var t = r.GetSqlInt32(ord);
        return t.IsNull ? default(int) : t.Value;

Tried a few template solutions but to no avail so far. The problem is that all Sql-types (SqlInt32 here) types are actually structs and while they all have .Value property C# doesn't have real templates to handle that. Also they have their own INullable interface which has only .IsNull and is not conpatible with Nyllable<>.

I suspect that one would need full set of Sql-types as C# templates or to add ICOnvertible to them in order to be able to have just one or two templated methods.

If someone has maybe an idea with a functional trick or two speak up :-)

share|improve this answer

Here is what we use on SQLServer and it works like a charm:


  Dim X as Object = pbDr("TotAmt")  'dr is dim'ed as a DataReader


  Public Function pbDr(ByVal drName As String) As Object

    Dim SQLError As SqlClient.SqlException

    Dim IsNull As Boolean

    Dim Ordinal, DispNbr As Integer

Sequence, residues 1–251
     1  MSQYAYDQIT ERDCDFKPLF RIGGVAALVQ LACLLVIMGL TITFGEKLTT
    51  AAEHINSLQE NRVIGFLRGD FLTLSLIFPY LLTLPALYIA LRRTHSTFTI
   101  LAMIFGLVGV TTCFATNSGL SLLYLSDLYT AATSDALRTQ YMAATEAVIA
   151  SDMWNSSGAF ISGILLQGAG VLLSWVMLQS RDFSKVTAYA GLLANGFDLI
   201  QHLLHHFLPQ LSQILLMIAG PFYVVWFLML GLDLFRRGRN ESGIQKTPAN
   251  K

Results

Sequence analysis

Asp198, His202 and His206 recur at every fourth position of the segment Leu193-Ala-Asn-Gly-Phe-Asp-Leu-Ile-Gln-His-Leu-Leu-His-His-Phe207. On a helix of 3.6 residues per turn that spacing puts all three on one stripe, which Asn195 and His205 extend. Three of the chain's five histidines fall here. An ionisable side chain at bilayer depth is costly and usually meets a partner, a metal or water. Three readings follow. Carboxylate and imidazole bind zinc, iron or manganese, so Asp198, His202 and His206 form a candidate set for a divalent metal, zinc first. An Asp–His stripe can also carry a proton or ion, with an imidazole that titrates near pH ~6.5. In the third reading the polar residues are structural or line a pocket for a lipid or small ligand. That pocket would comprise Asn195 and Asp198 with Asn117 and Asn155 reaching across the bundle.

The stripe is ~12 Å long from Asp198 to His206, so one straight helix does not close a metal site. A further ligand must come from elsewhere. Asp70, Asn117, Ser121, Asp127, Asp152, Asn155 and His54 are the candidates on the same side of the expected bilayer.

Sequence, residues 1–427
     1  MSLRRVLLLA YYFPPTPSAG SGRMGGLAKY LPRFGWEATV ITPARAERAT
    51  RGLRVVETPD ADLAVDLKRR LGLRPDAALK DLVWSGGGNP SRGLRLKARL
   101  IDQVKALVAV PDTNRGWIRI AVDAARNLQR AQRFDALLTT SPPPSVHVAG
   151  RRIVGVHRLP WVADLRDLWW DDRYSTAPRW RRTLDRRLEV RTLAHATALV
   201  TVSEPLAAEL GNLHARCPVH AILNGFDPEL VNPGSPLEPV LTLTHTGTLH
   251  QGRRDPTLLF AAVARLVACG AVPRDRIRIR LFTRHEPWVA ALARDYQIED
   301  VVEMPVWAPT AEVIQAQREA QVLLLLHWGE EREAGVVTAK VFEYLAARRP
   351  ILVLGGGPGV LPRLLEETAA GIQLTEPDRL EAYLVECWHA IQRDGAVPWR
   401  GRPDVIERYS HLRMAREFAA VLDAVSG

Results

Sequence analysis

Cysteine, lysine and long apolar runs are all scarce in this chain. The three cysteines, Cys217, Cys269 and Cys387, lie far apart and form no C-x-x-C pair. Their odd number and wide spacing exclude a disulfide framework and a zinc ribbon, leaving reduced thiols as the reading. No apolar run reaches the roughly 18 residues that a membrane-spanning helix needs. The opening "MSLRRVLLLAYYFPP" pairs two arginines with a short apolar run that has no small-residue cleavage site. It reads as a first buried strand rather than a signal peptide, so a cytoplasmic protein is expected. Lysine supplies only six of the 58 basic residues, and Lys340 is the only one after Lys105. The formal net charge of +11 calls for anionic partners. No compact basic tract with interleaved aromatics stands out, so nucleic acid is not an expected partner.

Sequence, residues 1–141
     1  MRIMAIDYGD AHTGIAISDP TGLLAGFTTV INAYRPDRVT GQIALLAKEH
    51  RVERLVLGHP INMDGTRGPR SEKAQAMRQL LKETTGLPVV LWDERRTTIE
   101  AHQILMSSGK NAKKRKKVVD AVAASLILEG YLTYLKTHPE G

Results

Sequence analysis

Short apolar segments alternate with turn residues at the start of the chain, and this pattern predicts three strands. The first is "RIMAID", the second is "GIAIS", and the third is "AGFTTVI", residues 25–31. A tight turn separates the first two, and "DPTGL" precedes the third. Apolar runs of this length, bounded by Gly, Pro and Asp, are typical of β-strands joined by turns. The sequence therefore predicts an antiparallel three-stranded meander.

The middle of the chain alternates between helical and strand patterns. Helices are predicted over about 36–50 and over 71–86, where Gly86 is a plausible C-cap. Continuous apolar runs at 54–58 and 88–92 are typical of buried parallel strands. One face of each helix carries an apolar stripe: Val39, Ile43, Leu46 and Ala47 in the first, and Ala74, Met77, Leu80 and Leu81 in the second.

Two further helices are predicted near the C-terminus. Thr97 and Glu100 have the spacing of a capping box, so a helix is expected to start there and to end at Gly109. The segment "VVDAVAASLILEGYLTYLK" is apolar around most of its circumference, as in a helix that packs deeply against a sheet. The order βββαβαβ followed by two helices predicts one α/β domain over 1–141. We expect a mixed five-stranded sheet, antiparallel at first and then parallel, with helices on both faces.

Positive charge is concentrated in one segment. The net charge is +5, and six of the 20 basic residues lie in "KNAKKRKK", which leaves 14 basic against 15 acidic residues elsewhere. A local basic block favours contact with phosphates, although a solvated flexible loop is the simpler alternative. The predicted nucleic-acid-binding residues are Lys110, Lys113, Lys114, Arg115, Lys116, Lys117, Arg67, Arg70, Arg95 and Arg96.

Ordinal = dr.GetOrdinal(drName)
      IsNull = dr.IsDBNull(Ordinal)
      If IsNull Then
        Dim Dbtype As String = dr.GetFieldType(Ordinal).ToString
        If Dbtype = "System.String" Then
          Return ""
        ElseIf Dbtype = "System.Int32" _
         OrElse Dbtype = "System.Double" _
         OrElse Dbtype = "System.Decimal" _
         OrElse Dbtype = "System.Int16" Then
          Return 0
          MsgBox("Print This Screen And Send To Support" _
           & "pbdr-Object = " & Dbtype, MsgBoxStyle.Critical)
          Return ""
        End If
        Return dr(Ordinal)
      End If

    Catch sqlerror
      Call DispSQLError(SQLError, "pbDr")
      pbDr = ""
    End Try

  End Function
share|improve this answer

Your Answer


By posting your answer, you agree to the privacy policy and terms of service.

Not the answer you're looking for? Browse other questions tagged or ask your own question.